If you had asked me what I would write my narrative about at the beginning of this week, I
probably would have said something like the year I spent living in Mexico. Or maybe I would
have written about the faith journey I’ve had throughout my time at Smith. But I never
would have said that I would write about my family. This workshop is supposed to be about figuring
out my future and my family isn’t my future; they’re my past.
But if my family is just my past, why have I found myself writing about them again and again
in this workshop about life after graduation? I’ve been writing about my family taking
in foster kids throughout my childhood, often extending our family to eight people. I’ve
been writing about adopting my little brother. I’ve been writing about my dad’s
struggle with bi-polar disorder. I’ve been writing about our big cross-country move when
we piled everything we owned, including two cats and three guinea pigs, into a budget rental
truck and an ’82 Toyota van and drove from Vista, California to East Hartford, Connecticut
the summer before I started high school. These are all events that have had a profound impact
on who I am, but they are stories that I don’t often tell, because they’re complicated.
When I left home for Smith, the stories became even easier to not tell. No one knew anything
about me or my family, so I was free to be whoever I wanted. People would believe I was whoever
I said I was. I never lied outright, but I kept quiet about a lot of my past, or told simplified
versions of things.
After years of selectively sharing my past, it has been startling to me that it has come up
so much this week, a week I intended to spend figuring out what the next step in my life is.
What does any of this have to do with my future? Why am I thinking about it so much right now?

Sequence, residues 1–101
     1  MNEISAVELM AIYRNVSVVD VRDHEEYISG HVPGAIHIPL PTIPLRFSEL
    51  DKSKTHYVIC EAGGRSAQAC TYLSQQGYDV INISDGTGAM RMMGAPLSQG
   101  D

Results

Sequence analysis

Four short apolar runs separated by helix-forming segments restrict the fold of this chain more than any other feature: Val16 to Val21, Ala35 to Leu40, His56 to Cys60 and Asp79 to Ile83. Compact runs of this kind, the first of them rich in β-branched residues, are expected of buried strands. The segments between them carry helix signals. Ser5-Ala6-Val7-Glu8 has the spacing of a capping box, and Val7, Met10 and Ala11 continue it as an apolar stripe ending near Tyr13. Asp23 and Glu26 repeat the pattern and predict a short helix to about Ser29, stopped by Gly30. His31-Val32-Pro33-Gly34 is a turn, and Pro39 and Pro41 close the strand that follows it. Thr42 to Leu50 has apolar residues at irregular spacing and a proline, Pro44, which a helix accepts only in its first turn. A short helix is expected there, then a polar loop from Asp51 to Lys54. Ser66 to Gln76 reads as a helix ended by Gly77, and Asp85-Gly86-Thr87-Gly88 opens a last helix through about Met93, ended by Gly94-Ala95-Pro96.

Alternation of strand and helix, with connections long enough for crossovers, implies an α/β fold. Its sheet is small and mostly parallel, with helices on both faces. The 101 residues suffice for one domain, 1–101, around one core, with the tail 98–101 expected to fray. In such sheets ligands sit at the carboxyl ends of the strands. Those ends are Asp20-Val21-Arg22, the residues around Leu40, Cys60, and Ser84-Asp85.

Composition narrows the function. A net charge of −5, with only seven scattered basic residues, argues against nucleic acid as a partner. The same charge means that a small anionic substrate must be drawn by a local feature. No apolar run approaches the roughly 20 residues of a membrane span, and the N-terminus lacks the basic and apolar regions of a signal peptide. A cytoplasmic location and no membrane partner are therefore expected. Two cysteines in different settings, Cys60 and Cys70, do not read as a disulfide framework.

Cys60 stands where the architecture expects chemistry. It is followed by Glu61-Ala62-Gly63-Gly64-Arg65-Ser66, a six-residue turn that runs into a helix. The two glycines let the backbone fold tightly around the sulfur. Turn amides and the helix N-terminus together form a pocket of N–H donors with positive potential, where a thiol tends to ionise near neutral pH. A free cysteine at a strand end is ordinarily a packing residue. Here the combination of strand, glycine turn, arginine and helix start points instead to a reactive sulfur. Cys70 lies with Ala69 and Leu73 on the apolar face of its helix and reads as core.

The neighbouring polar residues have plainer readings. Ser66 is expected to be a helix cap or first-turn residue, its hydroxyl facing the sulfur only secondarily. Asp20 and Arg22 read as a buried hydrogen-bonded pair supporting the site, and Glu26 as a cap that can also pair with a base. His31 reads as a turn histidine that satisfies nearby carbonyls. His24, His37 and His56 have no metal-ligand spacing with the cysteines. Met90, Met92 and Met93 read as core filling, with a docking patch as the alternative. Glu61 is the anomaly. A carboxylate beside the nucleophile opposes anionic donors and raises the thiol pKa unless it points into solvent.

The truth is, I don’t know. I am an avid journaler and pride myself in self-analysis,
but even I can’t seem to puzzle this one out. I want to neatly tie it all together. I
want my narrative to be a few paragraphs about my past, a few paragraphs about the identity
I have created at Smith, and then a conclusion about how they fit together and what it means
for my future. But the connection between my past and my future just isn’t so black and
Maybe the connection is guilt. I feel bad because after all my parents have sacrificed for
me, my worst nightmare is moving back in with them after graduation.
I felt so happy living in Mexico and I want to go away again to experience something new.
I feel hungry for travel and the excitement that comes with navigating a new place. But at
the same time, my brother is eleven and I can see the disappointment in his face every time
I head back to school after one of my short trips home. I miss going to his band concerts and
hearing his stories about what he did at school And guilt isn’t quite the right word,
either. It’s that I love my family and I just wonder what I could be missing out on by
moving somewhere far away.
But then again, I don’t think it’s just a little twinge of guilt that is making
me think so much about my family at this point in my life. I think it is something deeper than
that. I think it is part of a bigger question about what it means to be an individual. I never
thought that that was something that I struggled with. My parents aren’t overbearing
or controlling, so I’ve never felt a lot of pressure from them to make a decision one
way or another. they’ve always come around to support me in whatever I do. I’ve
believed myself to be a completely separate entity from my family. I thought the unique identity
I had formed for myself at Smith was further proof of my individualism. But now, as I reflect,
I’m not so sure that I am as free from the question of where my family ends and where
I begin as I thought I was. Does my past make me who I am, or is it the choices I’ve
made and experiences I’ve had, or some combination of them both?